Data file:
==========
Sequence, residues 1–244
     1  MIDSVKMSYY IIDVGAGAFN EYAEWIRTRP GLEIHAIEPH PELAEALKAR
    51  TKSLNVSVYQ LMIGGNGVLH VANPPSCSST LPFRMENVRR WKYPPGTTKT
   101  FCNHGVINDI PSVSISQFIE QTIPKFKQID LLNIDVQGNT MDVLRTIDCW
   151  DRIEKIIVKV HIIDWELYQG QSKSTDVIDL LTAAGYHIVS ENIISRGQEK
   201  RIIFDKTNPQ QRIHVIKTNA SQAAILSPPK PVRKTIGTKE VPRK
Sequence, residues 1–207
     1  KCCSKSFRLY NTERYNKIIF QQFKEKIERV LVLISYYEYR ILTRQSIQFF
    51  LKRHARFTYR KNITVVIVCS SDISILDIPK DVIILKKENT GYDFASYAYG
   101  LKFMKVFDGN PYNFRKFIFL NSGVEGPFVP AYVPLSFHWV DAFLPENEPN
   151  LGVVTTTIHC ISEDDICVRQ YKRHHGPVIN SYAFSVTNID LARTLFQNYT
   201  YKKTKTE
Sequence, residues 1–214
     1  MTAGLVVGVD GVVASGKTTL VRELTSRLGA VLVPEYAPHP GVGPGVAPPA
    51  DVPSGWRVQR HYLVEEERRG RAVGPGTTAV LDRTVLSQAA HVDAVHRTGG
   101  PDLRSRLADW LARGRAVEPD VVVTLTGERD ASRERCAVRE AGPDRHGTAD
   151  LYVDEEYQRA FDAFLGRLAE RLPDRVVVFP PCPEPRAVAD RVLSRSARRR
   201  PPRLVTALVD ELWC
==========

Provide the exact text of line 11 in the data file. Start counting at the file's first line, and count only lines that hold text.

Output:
   151  LGVVTTTIHC ISEDDICVRQ YKRHHGPVIN SYAFSVTNID LARTLFQNYT